to capitulate from an argument

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csicska

Senior Member
hungarian
Hello. Can you say, if you don't want to argue anymore or if you want to admit the other party won the argument, "I'd like to capitulate from this argument" (as in I'm going to fall back on this one / You win)? Thank you.
 
  • Barque

    Banned
    Tamil
    it seems an odd thing to say in that context.

    I can imagine someone possibly saying "I capitulate" but not "I'd like to capitulate from this argument".

    But that's unlikely too. It's more likely to be used with reference to a past event. He finally capitulated. I had to capitulate.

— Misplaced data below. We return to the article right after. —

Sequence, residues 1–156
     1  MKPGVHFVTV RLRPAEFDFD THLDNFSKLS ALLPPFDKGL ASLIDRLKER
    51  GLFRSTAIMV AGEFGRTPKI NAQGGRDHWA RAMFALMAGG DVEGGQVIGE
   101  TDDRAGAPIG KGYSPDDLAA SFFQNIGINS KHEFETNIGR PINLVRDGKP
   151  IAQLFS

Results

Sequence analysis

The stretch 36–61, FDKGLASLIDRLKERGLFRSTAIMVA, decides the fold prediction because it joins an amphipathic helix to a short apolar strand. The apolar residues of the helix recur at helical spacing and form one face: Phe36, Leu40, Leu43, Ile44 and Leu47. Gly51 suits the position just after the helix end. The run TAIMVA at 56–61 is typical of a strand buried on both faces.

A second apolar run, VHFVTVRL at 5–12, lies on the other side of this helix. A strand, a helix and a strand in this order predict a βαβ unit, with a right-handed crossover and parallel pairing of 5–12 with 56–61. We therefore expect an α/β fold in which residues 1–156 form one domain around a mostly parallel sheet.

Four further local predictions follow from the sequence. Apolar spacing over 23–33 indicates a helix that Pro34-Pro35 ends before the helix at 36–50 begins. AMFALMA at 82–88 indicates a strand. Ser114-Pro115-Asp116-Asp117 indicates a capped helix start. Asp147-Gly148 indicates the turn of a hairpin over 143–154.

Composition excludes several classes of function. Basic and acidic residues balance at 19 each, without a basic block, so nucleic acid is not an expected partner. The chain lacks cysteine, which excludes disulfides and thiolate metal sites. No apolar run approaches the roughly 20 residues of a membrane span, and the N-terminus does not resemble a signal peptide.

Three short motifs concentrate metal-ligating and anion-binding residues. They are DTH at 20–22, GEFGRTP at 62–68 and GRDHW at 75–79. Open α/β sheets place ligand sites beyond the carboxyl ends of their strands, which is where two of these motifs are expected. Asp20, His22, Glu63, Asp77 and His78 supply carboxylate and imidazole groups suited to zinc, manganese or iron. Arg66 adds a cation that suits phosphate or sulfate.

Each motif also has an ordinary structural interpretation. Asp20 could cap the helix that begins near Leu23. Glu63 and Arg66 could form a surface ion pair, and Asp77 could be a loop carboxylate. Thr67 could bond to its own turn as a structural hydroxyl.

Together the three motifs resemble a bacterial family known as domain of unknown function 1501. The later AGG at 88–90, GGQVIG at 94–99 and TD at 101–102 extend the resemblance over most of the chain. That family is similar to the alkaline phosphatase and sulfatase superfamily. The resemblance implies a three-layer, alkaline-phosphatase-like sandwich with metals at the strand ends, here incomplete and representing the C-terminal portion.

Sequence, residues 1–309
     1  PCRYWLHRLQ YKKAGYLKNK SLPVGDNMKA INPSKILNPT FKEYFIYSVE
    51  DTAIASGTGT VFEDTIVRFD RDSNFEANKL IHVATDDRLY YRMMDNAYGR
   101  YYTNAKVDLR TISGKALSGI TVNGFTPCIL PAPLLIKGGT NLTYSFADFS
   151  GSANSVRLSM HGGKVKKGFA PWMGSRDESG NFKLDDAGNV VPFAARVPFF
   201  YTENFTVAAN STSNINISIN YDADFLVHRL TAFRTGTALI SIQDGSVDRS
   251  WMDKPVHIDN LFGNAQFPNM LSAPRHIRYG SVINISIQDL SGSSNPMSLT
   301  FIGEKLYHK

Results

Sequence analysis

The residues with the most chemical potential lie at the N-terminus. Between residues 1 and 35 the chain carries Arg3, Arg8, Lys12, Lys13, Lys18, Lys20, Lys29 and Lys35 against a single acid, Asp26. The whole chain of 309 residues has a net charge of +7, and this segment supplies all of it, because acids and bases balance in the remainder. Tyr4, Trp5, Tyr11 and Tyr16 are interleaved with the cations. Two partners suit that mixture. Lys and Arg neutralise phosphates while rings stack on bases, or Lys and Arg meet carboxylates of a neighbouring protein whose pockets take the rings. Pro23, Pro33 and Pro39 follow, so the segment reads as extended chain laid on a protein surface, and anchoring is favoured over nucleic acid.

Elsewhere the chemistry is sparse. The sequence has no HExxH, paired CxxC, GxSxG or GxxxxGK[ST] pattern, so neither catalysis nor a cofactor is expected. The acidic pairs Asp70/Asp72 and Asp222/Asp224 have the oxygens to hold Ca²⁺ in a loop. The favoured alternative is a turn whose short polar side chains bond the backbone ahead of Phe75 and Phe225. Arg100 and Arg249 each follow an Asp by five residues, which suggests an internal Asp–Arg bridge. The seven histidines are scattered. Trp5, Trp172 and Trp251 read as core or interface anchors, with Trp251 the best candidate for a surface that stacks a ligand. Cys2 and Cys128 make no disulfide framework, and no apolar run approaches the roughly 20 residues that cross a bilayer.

Barque

    Banned
    Tamil
    Yes. In your situation, I'd expect something like "You win", as you suggested, or "I concede (the argument)".
     

    lentulax

    Senior Member
    UK English
    Can you say, if you don't want to argue anymore or if you want to admit the other party won the argument, "I'd like to capitulate from this argument"
    'I give up' - 'I don't want to argue any more' (without necessarily admitting the other chap is right); 'I give in' - 'I accept that your argument is superior'
    'I'd like to capitulate' (not 'from', as explained above) sounds odd, because 'capitulation' normally suggests an unwilling acceptance of defeat.
     
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